Fribble French Customer Service

By David Wolpe (TMF DBunk) (TMF Dbunk@aol.com)
August 11, 2000

"72 heures! Ahahahahahahaha! Vous rigolez, monsieur!" (You gotta be kidding, buster!)

This voice, of a woman who sounded as if she'd spent too long selling cigarettes in a Monte Carlo Casino Lounge, or who had perhaps taken a few minutes off from slaughtering helpless livestock, belonged to a customer service representative in Marseille, France.

That's right -- she was, in this delicately worded and infinitely compassionate statement, fulfilling the art of French Customer Service.

France, you will recall, is the country that gave us wine, Lafayette, Brie, the Eiffel Tower, the guillotine, and edible snails. France's trains run fast and quietly and on time. Their farms and vineyards are tidy and productive. We have many fine friends there. I am a Francophile.

Their customer service, however, sucks. I have come reluctantly but definitively to that conclusion after spending some months there.

I opened a checking account at the post office -- you can have "La Poste" be your bank, if you want. Late one Thursday afternoon I was called to the phone. It was this woman, The She-Dragon Of Marseille.

"Monsieur Wolpp?" she said. "You are overdrawn by 200 francs on your checking account." (I've loosely translated the French, adding, where necessary, that which was communicated by tone of voice.)

"Oh," I said, "well, I actually arranged for a money wire two weeks ago. My bank in the states confirmed that it was sent. It hasn't come through yet?"

"What time can you be at your local post office, tomorrow morning, with cash? 9:00 a.m.?"

"I beg your pardon?"

"Neuf heures!!" ("Nine in the morning or I'll have your first-born.")

Naturally my hackles were raised. I said: "Madame, a money wire usually takes 24 to 72 hours. I will call my -- "

It is at this point, dear reader, that her legendary laugh was emitted: "Ahahahhaha!!"

I then did what I would have done in the States.

"Je veux parler avec le chef, Madame." ("May I speak to your boss please, Madam? You're in a lot of trouble.")

"Je suis le chef." ("I'm the boss, you loser.")

"Really, madam?" (I think you're lying.) "The head of the post office? You have no superiors?

"That's right, Monsieur." (I'm protected from you by a huge unwieldy bureaucracy, and there's nothing you can do about it!)

"Well, madame, this is what you call customer service?"

"I note your tone of irony, Monsieur. And, if I may say, all you Americans are that way. You will be at the post office tomorrow morning at 9."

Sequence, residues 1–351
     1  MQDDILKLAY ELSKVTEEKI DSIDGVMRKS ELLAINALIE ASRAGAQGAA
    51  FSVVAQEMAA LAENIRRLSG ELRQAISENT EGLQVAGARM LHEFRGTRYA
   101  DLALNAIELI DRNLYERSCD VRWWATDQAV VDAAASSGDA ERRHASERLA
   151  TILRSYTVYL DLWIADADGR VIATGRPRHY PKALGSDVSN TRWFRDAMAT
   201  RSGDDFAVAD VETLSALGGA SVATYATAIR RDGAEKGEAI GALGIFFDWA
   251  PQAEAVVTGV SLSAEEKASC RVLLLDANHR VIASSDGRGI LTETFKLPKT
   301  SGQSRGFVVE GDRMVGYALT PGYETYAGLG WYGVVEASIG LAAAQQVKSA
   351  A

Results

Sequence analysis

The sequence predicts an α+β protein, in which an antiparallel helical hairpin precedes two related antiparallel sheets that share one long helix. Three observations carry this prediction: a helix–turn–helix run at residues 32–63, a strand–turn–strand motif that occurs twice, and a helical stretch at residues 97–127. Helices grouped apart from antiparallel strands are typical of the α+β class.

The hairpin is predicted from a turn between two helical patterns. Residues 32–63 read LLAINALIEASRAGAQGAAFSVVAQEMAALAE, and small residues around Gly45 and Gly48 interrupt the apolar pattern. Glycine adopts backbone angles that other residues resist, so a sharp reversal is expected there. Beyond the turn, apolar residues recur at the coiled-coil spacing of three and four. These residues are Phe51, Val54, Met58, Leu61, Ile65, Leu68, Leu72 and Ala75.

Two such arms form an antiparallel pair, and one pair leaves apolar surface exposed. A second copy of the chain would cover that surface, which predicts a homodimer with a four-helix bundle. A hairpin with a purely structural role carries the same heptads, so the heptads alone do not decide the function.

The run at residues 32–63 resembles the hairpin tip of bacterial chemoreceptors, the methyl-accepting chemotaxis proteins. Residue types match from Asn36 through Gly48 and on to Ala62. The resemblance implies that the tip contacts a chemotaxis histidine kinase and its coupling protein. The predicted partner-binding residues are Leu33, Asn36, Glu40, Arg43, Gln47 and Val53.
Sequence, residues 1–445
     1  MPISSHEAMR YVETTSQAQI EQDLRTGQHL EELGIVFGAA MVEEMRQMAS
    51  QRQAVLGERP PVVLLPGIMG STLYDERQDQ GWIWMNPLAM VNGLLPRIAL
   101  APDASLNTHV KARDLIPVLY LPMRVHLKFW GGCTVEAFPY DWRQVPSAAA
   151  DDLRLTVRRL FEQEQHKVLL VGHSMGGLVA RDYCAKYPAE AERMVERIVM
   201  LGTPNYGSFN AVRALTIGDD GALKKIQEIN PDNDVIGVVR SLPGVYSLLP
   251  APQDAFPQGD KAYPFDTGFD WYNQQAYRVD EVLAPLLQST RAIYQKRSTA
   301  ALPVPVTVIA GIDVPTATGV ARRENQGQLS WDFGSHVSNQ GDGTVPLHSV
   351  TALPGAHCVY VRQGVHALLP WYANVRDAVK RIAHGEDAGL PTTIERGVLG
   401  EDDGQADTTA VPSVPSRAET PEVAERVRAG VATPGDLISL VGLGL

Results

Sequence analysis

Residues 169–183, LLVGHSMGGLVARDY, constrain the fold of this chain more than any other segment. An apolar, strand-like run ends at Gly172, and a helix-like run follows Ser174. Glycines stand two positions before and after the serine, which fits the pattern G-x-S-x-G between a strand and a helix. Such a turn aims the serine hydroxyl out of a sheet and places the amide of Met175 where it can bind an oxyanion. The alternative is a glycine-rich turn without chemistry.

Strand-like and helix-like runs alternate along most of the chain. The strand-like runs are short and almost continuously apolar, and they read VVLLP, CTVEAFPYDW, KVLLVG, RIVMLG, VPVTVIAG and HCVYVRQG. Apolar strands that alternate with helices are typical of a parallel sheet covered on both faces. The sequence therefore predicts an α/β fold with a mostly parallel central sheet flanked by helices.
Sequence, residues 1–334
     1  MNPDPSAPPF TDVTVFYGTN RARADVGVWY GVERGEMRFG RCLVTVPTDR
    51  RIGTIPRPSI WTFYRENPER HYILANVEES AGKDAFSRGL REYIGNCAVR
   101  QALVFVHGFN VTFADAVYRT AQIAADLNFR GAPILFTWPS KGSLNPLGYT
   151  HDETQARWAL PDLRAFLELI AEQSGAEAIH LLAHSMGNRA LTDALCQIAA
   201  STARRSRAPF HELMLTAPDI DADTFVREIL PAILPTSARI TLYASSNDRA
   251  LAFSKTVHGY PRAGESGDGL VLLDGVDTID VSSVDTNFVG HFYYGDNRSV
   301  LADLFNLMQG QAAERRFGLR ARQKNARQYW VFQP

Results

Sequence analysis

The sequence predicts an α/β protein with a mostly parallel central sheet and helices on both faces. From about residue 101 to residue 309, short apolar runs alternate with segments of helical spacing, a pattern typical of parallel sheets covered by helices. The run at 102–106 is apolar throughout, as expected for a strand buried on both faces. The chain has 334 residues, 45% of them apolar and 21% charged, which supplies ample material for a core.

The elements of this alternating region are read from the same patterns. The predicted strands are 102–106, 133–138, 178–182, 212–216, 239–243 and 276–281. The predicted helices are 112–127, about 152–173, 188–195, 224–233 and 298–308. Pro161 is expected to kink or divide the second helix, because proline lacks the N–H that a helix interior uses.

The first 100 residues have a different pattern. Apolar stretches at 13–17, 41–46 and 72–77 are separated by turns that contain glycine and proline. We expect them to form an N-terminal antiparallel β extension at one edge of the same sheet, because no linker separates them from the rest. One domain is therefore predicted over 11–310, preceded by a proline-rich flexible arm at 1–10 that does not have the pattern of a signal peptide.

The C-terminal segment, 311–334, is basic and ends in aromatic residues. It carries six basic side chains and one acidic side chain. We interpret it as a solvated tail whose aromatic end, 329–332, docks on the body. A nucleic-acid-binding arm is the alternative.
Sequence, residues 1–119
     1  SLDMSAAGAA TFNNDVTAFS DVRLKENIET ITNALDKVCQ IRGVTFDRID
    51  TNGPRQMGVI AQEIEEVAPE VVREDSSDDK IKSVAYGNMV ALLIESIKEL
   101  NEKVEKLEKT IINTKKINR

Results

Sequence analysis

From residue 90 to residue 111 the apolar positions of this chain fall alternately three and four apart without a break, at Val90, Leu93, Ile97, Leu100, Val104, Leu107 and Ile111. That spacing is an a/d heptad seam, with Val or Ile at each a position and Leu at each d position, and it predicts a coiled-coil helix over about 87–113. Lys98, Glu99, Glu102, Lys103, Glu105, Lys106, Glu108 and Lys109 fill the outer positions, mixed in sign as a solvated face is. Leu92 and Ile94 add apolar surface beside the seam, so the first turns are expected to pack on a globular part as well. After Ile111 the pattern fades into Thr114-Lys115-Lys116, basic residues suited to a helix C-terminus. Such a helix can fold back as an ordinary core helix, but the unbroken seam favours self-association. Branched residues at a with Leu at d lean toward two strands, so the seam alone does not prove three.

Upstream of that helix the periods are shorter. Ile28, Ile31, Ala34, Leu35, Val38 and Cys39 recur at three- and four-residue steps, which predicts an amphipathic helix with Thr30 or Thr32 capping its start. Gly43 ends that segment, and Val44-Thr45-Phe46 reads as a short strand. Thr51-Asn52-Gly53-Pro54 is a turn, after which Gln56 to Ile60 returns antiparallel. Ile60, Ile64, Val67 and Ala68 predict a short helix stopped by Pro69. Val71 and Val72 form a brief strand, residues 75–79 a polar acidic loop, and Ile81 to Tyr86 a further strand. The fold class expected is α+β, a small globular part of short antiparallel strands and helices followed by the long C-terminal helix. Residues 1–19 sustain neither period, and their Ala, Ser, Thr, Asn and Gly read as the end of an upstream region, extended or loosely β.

"No I won't. I have to take my children to school at nine." (This was a lie, but now it was war.) "And by the way, Madam, you may be friends with all 250 million Americans, but I am not. So I am not going to make generalizations about them."

"9 o'clock!"

"11!"

"10 o'clock, Monsieur. If the money isn't in there by 10 o'clock, I'm closing your account."

"That's fine," said I, "and after I've deposited the money I'm going to close my account."

"I don't care what you do, Monsieur!"

Astounded, my faith in and love for all things French profoundly shaken, I walked the street of the village. If I smoked, I'd have smoked. If I drank, I'd have downed a Pastis in the village bar with the locals. But I bumped into a friend, a Frenchman, and related my tale.

"La Poste?" he laughed. "They treat us like pigs!" (Comme des cochons!) "But there's no point in moving to another bank. They're all just as bad."

I asked another friend in the village. She, too, said, "There's nothing that can be done! It's horrible."

It's a strange kind of complicity, in a way the opposite of a truly competitive environment. If no one bothers to give good customer service, then there's nowhere else to go.

From what does this kind of behavior stem? I've asked myself many times. Has it got something to do with Louis XV? Napoleon? The rise of the bourgeoisie? The invention of the guillotine?

The next day I did go pay, by 10:00 a.m. And while there I met with the head of the local Post Office. And she provided me with my single biggest insight into this phenomenon. She told me she knew the name of the Dragon of Marseille, but she wouldn't give it to me. In France, the job of the employee is not first to serve the customer, but to shield the superior.

More on this, in other circumstances, soon.